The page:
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If a proposed sales-tax hike for transportation passes, the Utah Transit Authority could increase its revenues by 13 percent or $39 million a year. But UTA leaders stressed Wednesday they will not, and cannot by law, campaign for that ballot issue.
But they said they can offer education about its benefits, and then outlined how the extra funding could improve the transit system.
"We're just not in a position to be advocates," UTA President and CEO Michael Allegra told the UTA Board before announcing his retirement later in the day.
Voters in eight counties so far with possibly more coming on board later will decide Nov. 3 whether to raise sales taxes by a penny for every $4 in sales. In counties where UTA offers transit, 40 percent of the extra revenue would go to transit, and the rest to cities and counties for roads.
"We've instructed our staff that it is appropriate for UTA staff and employees to provide information to both proponents and opponents of this measure and to answer questions, but we don't advocate," said Dave Kallas, senior adviser to Allegra.
"So we won't be out campaigning for this. But we want to have information available for the public," he said.
UTA executives then outlined for the board what they said they have been telling mayors, county leaders and others about how they might spend the money, although Kallas said, "nothing is set in stone."
UTA Chief Planning Officer Matt Sibul said UTA would use the money to have more frequent bus service in more areas and offer more weekend service. Also, the agency hopes to add more shelters at bus stops and expand services such as regional bike sharing and other means to help people reach transit stops.
UTA is aiming to expand bus service by 15 to 20 percent by 2020, Sibul said, and by 40 to 50 percent by 2026. It wants to quadruple the number of bus routes that run after 8 p.m. It wants to increase service on the most important core routes by 30 percent.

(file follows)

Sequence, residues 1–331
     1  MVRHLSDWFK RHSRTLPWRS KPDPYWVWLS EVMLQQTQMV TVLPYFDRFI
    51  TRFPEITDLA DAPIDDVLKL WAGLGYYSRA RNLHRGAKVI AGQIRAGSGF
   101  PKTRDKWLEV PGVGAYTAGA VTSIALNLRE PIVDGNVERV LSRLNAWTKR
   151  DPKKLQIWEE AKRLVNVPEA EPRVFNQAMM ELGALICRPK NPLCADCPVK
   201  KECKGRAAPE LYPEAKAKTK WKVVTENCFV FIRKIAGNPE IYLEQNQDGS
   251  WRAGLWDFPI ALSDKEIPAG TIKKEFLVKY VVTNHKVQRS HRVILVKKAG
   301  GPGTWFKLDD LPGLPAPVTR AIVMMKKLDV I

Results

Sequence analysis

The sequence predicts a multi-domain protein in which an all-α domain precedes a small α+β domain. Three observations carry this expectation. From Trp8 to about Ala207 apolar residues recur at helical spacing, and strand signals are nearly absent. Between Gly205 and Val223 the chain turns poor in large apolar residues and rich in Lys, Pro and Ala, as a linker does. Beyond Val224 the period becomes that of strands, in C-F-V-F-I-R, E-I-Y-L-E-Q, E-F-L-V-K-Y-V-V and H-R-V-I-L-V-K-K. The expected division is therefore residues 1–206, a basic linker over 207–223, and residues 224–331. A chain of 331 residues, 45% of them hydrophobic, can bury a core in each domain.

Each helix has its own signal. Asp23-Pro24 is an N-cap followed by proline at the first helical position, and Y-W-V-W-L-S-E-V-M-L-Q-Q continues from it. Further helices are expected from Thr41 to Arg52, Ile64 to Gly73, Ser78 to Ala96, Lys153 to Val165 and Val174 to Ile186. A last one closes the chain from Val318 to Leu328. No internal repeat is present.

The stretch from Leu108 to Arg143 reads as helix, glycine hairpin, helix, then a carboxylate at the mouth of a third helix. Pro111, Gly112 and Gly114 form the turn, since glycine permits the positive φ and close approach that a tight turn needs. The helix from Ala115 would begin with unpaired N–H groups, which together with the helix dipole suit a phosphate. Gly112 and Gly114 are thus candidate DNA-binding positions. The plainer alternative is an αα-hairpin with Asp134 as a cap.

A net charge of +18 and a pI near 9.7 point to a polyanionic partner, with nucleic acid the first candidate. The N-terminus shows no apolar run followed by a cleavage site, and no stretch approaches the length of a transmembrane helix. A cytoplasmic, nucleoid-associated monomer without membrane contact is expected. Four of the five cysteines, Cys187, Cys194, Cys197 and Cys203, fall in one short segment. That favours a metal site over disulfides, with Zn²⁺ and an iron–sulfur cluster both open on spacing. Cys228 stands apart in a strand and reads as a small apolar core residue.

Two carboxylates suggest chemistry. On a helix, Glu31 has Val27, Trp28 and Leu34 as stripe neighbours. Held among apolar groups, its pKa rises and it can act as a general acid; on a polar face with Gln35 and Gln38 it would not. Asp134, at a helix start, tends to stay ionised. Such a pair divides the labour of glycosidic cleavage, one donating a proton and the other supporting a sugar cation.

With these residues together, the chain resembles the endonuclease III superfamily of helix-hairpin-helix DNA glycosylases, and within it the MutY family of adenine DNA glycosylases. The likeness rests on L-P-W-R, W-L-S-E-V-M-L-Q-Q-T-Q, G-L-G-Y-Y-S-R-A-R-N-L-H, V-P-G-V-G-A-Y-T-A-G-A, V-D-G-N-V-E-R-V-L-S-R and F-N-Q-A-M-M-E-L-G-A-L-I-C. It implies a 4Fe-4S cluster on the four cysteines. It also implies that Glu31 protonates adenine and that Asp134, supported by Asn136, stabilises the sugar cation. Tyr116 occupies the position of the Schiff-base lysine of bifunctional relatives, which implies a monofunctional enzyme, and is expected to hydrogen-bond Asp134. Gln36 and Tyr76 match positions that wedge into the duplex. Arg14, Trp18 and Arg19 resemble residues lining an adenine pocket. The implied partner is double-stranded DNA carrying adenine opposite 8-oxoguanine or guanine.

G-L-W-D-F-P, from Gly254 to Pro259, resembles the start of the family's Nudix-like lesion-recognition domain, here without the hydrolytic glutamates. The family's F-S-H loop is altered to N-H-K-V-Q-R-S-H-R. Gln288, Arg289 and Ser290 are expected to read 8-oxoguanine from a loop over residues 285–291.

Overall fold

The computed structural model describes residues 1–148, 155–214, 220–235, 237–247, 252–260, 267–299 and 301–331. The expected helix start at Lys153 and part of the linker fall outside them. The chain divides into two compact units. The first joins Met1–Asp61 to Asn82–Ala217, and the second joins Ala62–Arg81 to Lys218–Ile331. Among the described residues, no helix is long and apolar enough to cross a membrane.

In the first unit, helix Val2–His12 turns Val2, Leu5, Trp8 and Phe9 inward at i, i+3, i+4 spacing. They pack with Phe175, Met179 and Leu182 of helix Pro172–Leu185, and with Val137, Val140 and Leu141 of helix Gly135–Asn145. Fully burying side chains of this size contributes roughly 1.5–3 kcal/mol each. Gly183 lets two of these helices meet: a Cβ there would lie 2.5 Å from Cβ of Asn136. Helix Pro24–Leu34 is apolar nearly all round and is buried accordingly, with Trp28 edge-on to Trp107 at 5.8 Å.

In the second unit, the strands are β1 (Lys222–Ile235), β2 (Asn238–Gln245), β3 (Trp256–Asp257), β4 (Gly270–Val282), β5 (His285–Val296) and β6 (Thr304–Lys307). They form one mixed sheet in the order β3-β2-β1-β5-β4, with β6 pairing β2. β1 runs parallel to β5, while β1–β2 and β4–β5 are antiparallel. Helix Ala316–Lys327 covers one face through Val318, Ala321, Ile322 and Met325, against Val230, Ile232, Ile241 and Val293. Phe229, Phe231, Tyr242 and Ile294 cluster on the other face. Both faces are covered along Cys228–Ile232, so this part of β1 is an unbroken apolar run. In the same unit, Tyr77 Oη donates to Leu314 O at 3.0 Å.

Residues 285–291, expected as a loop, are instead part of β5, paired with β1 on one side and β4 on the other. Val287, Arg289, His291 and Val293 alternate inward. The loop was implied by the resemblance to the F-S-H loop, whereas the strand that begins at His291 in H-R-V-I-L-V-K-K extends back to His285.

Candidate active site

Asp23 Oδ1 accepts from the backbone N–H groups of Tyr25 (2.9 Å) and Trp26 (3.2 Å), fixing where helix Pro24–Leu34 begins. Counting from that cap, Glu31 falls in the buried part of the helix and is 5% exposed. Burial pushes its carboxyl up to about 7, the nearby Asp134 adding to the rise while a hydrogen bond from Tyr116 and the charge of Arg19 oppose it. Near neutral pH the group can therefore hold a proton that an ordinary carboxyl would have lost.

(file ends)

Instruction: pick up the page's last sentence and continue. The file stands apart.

And it aims to provide 20 percent more TRAX service to Salt Lake City International Airport.
Sibul said current plans would improve services for 89 percent of all residents within the UTA district. In Salt Lake County, the agency would improve service to 70 percent of low-income people, 68 percent of minorities and 78 percent of households without cars.
Changes planned could improve air quality by removing 2.3 million car trips from the road each year, Sibul said.
Evelyn Everton, Utah director for the conservative Americans for Prosperity, which opposes the tax increase, was not impressed by the agency's outline of intentions.
"We look forward to the UTA spelling out exactly where taxpayers' money will be spent," she said. "If their past is anything like the future, we know this money will not be spent on bus service, but instead will be spent on lavish trips and five-figure bonuses to top executives. I trust that voters will see through their rhetoric and reject further funding for waste, fraud and abuse."
Salt Lake and Box Elder counties are the only two of six counties in the UTA district that have put the tax hike on the ballot so far. Others that have approved the hike for city and county road improvements include the rural counties of Beaver, Grand, Juab, Morgan, San Juan and Uintah.
More counties are expected to follow suit.